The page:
Speaking of that hard-earned money, don’t ever forget that people in the crowd are paying for a product. Now, the product isn’t concrete; it’s entertainment. But it’s a product nonetheless, and if they’re paying to be entertained, you’d better fucking entertain them. Remember, the show isn’t about you. It’s about them. So when you’re developing a show, think about what you’d want to see if you were out there in the crowd. This is especially important when your band is contemplating doing that seven-and-a-half minute noise intro to your three-and-a-half minute pop song. Here’s a tip. Don’t.

4. YOU’RE NOT A ROCK STAR. 
Don’t act like one. Don’t ask the door guy how many guest list spots and drink tickets you get the minute you walk in the door. Be a little cool about it. Don’t hang out ‘backstage’ (which is likely a bathroom). And don’t forget, there’s nothing wrong with starting a set a little early. You’re not supposed to play until 10 but you’re set and checked by 9:50? Don’t walk off stage, get a beer, take a piss, smoke a cigarette, and saunter back at 10 or, worse, ten after. Tell the sound guy to fire it up. Start rocking. You’ll get to play more songs. After all, that’s why you play in a band, right? You play in a rock band to play music. 

5. SPEAKING OF GUEST LISTS
They should be reserved for girlfriends, boyfriends, husbands, and wives. Everyone else should pay. Because the fewer people who pay, the less the door makes. The less the door makes, the less the club makes. The less the club makes, the smaller shot you have of getting another show there. If your friends can’t afford a $7 cover, then why are they drinking $7 beers during your set? Fuck the free-loaders. Tell your friends beforehand. Make it an ethos. “Sorry, guys. We don’t use guest lists. We’re trying to make sure all of the bands get some gas money.” Or something of that nature. It’s really not too much to ask.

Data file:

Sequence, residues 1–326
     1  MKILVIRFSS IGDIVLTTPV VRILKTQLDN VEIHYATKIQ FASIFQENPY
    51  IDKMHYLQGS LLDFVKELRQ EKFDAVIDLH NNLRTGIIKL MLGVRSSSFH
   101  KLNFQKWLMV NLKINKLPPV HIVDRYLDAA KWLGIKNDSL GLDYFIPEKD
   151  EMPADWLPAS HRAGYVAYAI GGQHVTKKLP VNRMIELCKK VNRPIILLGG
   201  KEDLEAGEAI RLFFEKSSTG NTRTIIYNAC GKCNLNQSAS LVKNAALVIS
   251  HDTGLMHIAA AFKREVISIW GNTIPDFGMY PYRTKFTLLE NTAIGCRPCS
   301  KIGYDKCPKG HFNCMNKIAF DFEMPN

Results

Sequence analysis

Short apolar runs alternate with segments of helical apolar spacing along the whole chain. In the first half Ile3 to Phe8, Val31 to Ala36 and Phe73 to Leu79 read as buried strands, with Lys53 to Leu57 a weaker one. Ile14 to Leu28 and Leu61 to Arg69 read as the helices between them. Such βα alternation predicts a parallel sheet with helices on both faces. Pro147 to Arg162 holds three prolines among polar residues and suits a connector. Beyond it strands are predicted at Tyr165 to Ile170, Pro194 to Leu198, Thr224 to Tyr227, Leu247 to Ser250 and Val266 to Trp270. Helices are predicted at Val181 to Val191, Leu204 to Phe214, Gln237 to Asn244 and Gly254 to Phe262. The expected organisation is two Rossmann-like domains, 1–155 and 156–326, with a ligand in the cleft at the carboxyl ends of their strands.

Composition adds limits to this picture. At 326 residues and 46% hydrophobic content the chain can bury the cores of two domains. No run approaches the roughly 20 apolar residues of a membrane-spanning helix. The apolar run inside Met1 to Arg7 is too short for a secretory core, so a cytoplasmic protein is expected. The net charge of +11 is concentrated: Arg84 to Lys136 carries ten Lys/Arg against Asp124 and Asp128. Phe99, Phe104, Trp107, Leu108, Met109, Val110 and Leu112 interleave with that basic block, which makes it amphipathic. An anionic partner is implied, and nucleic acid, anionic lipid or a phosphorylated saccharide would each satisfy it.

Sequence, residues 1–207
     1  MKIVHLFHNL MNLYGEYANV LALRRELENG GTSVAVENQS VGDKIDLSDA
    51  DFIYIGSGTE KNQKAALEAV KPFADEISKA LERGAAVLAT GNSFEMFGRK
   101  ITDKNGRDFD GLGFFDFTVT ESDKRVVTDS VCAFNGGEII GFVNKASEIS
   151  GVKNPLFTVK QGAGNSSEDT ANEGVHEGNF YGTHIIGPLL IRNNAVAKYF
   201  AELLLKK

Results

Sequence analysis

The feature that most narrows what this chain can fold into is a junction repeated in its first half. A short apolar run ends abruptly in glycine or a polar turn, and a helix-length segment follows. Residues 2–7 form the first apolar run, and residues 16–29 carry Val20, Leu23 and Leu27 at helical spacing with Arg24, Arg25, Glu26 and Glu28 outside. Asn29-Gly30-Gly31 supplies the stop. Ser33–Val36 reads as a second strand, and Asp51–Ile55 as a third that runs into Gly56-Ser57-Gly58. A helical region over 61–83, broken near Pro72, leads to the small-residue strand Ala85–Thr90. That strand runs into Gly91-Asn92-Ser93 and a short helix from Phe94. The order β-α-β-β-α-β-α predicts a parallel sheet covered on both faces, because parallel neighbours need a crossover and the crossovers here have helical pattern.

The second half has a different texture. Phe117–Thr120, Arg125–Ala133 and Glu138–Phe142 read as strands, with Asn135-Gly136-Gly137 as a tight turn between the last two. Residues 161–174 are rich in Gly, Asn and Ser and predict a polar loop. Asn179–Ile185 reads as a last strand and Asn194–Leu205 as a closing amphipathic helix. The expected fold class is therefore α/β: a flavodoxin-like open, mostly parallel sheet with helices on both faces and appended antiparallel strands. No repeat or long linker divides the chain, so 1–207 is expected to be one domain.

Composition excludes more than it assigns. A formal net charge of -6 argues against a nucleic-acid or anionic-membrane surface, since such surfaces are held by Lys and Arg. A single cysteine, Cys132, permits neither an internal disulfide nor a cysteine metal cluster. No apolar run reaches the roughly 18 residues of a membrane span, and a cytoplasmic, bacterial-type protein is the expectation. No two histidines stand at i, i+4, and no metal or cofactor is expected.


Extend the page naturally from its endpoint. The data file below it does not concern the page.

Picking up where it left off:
6. A SMALL TIME BAR BAND SHOULD NEVER, EVER PLAY IN EXCESS OF 40 MINUTES. 
And even that’s stretching it. Listen, it’s great that you have all of these songs and that your guitar solos stretch a four minute song  into a six-and-a-half minute rockathon, but the fact is that if you’re playing a small bar or club, you should never play for that long. It’s so much easier to loathe a good band who plays for way too long than a mediocre band who rocks and rolls (rolls as in leaves). Kick ’em in the face (sonically, of course) and get out. It’ll leave a much better impression and it should leave them wanting more. And them wanting more is the most important thing about building a following.

7. FOR THE LOVE OF ALL THINGS YOU HOLD DEAR, STAY FOR ALL OF THE BANDS.
We’re all in this fight together. There is nothing worse than a band who shows up ten minutes before their set and leaves (bringing their fans and friends with them) ten minutes after. Stay. Listen. Take notes. What did that other band do that was great? How can you incorporate that into your set? So you’re headlining a five-band bill. Come early and watch everyone. They deserve it just as much as you do.

About the Author

Michael Venutolo-MantovaniMy name is Mike V. I write about things that make me angry. Or happy. But usually angry. Because when I'm happy, I don't want to write. I want to be happy. I grew up on the Jersey Shore and I play guitar and sing in a rock and roll band called The Everymen. We fucking rule.View all posts by Michael Venutolo-Mantovani →